The Human Heart

A human heart destined for transplant lies cradled in a TransMedics Organ Care System. The device can keep a heart warm and beating—and viable for many hours longer than the conventional method for handling donor hearts: immersion in a saline solution and packing in ice.
Dramatic advances in computed tomography now provide detailed scans in ten scalpel-free seconds. This image of a heart beating in a human chest reveals a narrowed artery—potential trouble.
Danuel Allen lived 54 days with an artificial heart implanted in his chest. He was comforted by the thump, says Sharon, his wife, who could hear the heart beating from across the room. A couple of weeks after this photo was taken Allen received a transplanted human heart, but he died from an infection within months.
More than 60,000 miles (97,000 kilometers) of arteries, veins, and capillaries in an adult body pulsate to a muscular rhythm—100,000 heartbeats a day. Scientists once viewed the cardiovascular system as a pump and a lot of pipes; now they increasingly focus
Holding a photograph of their parents, six Steffensen children—JoAnn, Marvin, Jeanette, Betty, Donald, and Cecil—once confronted a disturbing question: Why have members of their family suffered from an unusually high rate of heart disease for generations? A few years ago, DNA tests revealed that stricken family members share a mutant gene called MEF2A, which produces a protein that appears to make arterial walls more likely to rupture.
This polyurethane heart can keep critically ill cardiac patients alive while they await a donated human heart. Once the device is surgically implanted, its attached plastic tubes run through the patient's skin to a battery-powered pneumatic pump. Despite the cost—$106,000—the demand is strong. Some 3,000 people await heart transplants in the U.S., but only about 2,100 donor hearts are available each year. While boosting the supply of artificial hearts is a relatively simple technical hurdle, increasing the supply of human hearts is more challenging. Who will be tomorrow's donors? That question lingers for a patient in Germany, who recently received a CardioWest artificial heart like this one.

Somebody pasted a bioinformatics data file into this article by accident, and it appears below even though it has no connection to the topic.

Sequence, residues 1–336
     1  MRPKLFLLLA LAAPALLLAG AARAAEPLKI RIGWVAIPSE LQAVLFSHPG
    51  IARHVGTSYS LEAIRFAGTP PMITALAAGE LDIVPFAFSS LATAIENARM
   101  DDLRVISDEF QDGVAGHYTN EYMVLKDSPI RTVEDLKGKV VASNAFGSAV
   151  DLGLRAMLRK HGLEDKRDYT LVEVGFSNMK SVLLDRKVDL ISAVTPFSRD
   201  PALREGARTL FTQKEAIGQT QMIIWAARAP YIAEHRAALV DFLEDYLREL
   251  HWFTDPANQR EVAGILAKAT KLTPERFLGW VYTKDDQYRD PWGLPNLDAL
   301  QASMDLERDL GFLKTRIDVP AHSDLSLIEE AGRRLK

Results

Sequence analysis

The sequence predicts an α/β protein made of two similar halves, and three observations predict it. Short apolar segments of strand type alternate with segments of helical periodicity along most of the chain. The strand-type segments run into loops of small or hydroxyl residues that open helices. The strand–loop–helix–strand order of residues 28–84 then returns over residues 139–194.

At the Berlin Heart Institute in Germany, 62-year-old Siegfried Streiter endures four hours of surgery—from first incision to final sutures and bandages—to get his artificial heart. The device will not only keep him alive, says Dr. Roland Hetzer, chief surgeon; its strong, steady pulse might also help clear the chronic congestion in his lung vessels. "A transplanted human heart would have failed immediately," says Hetzer
Days after open-heart surgery, Lawrence Silberman tries to relax as massage therapist Kathleen Ullmann administers craniosacral therapy. With her gentle touch and extraordinarily sensitive fingertips, Ullmann promotes a state of deep relaxation and facilitates the flow of fluids that surround the brain and spinal cord, which can improve the functioning of the central nervous system. Meditation and yoga also help cardiac patients recover from surgery.
Four months after receiving his artificial heart, Siegfried Streiter often gets out and about—but not without the rolling power pack that keeps the heart beating. The equipment beeps at him periodically, says Streiter, but he's not complaining. "The good news is, I'm alive."


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